Instead, make your money work for you If you can be patient for at least five years (this gives you the chance to ride out any bumps in the market), you’re right that learning to invest in stocks and shares might be a sensible move. You have a few options: DIY investing, where you pick your own funds, stocks and shares. Using a ‘robo-advisor’, like a digital financial advisor which uses clever algorithms to invest for you. Finally, you’ve got financial advisors; an actual human who can give you bespoke advice. Whatever you decide, it’s also worth keeping a cash buffer in place to see you through any emergencies.
Ask for help If you’re eligible for government support and Covid-19 has impacted you financially, you should feel no shame in getting some extra help. The stress you’re feeling is to be expected, but don’t suffer in silence. If you’re a self-employed contractor, you might be eligible for the Self-Employment Income Support Scheme which allows you to claim a % of your average monthly profits. The deadline to apply for the first grant is the 13 July 2020. If you’re still under pressure in July, you can apply for the second grant in August.
Take note Those micro-purchases really do add up but now you’ve experienced life without the impulse snack purchases and £3 flat whites, do they really bring that much joy? Before lockdown becomes a distant memory, take note of the habits you want to take forward and the things that you’ve survived without. For inspiration, look at how you spent your money in January or February – but be warned, there’ll be things you can’t unsee…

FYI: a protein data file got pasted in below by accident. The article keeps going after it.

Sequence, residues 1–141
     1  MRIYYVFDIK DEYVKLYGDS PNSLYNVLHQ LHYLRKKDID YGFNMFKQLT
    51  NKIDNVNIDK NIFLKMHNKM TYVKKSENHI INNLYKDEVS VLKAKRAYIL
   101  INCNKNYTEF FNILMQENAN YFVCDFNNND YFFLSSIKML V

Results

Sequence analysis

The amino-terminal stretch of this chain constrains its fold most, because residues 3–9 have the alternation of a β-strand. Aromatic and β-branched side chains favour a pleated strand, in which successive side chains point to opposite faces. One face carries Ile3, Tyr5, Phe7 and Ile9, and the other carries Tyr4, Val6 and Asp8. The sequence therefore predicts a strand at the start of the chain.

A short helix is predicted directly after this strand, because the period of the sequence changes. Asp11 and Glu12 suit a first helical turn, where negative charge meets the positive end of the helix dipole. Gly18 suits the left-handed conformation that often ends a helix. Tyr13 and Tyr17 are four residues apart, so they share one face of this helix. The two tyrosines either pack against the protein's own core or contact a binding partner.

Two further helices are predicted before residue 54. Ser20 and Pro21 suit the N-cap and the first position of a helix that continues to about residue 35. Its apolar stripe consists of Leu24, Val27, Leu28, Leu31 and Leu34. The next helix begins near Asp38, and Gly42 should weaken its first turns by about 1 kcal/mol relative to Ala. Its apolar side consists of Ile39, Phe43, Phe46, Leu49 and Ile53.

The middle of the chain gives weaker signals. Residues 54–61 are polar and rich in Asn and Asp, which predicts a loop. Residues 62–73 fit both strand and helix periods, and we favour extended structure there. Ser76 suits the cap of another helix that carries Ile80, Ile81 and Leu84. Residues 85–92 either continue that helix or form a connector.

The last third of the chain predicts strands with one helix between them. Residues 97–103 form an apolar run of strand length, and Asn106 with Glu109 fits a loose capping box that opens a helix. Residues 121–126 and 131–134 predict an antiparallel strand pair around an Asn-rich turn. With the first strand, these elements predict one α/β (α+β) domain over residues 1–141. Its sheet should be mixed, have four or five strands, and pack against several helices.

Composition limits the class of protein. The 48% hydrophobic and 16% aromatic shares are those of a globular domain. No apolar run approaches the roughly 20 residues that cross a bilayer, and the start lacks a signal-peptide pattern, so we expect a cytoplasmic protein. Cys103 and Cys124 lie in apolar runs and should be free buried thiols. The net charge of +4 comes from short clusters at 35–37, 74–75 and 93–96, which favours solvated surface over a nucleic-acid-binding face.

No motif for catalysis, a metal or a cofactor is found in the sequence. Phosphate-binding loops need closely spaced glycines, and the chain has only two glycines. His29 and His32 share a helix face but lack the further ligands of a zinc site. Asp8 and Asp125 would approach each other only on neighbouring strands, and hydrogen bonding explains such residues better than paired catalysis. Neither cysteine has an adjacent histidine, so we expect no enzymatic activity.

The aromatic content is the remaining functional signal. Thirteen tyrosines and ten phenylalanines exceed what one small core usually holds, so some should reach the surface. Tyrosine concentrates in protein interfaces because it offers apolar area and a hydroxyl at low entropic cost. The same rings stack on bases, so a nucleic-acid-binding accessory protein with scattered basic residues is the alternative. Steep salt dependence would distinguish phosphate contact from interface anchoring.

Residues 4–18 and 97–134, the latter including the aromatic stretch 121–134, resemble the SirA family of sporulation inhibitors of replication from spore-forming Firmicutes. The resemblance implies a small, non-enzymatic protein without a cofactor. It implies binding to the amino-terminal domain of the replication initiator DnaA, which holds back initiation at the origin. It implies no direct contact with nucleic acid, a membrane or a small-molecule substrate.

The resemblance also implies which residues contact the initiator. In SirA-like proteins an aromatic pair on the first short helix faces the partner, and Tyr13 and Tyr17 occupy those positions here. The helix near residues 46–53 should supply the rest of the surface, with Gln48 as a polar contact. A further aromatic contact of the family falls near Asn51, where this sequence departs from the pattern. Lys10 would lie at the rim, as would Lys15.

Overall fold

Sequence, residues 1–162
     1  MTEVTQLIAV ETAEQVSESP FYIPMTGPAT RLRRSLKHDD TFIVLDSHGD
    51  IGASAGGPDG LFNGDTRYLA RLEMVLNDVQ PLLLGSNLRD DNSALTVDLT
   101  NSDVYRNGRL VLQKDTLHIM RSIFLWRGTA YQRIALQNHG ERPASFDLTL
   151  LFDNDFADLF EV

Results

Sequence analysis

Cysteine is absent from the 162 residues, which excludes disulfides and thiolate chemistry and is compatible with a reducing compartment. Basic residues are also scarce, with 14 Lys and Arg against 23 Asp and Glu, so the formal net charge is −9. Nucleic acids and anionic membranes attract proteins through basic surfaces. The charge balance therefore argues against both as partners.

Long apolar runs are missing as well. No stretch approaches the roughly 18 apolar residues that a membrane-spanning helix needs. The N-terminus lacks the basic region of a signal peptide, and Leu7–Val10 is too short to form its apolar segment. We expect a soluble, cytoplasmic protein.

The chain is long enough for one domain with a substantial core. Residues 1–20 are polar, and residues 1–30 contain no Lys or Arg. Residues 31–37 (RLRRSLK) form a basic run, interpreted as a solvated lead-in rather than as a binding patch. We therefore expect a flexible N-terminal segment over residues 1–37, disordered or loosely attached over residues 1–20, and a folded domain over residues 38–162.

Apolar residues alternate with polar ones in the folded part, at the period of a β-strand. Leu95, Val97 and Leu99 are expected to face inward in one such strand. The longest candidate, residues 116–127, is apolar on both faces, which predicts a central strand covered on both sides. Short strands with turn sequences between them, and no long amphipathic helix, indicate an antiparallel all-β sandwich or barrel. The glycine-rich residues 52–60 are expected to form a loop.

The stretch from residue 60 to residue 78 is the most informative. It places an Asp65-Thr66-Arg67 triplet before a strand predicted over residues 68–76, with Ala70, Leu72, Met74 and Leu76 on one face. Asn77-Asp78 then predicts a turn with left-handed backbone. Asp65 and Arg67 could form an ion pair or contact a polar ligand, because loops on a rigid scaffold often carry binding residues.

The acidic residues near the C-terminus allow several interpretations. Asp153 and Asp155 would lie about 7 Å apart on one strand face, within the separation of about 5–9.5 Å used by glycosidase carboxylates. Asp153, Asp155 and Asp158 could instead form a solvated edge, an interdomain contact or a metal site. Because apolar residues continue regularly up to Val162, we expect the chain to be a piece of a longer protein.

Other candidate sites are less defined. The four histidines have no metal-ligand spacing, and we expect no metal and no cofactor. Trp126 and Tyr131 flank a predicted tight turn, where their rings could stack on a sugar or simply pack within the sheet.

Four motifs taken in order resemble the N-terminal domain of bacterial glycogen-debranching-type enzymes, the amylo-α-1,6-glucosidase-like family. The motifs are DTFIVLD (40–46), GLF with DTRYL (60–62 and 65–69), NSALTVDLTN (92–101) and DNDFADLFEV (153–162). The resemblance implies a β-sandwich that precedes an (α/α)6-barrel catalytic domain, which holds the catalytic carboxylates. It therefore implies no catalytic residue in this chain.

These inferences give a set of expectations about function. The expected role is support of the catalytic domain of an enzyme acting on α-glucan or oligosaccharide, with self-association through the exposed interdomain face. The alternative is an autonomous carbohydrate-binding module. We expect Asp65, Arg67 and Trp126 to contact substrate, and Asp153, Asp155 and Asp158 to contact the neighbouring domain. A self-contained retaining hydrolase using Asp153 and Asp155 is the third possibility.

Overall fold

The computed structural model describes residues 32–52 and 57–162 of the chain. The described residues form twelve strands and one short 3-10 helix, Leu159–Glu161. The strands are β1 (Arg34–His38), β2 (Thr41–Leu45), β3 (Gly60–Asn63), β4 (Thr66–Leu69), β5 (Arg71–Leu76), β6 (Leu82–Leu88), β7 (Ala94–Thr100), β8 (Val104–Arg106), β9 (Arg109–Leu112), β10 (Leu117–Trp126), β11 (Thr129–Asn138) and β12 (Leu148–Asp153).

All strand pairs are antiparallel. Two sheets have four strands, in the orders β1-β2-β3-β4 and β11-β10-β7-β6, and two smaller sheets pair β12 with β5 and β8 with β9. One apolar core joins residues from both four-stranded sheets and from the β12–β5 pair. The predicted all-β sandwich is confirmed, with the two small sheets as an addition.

Eleanor Levy from workplace pensions provider NOW: Pensions: We are seeing a lot of women choose the ultimate flexibility with their work – freelancing or working for themselves. However, they lose the safety net of automatic enrolment in a pension. There are still a lot of options out there – a personal pension, a SIPP (self-invested personal pension) or a stakeholder pension.
Lots of self-employed people have irregular income patterns so they need to choose a provider that will allow them to make contributions as and when. First up, Adele should investigate her company’s pension scheme. The treatment of contractors is a grey area here, and Adele should send a written request to her HR department asking whether she is eligible to join the company scheme and what they will contribute.
Next, Adele needs to think about whether the personal pension she is paying £150 a month to is meeting her needs. The money might be better directed to a Lifetime ISA, which provides a government bonus of 25% if the proceeds are used for either a first-time house purchase or retirement, providing greater flexibility.
There are lots of great, free advice websites out there to help you choose the right one. The Money And Pensions Service is a fantastic resource.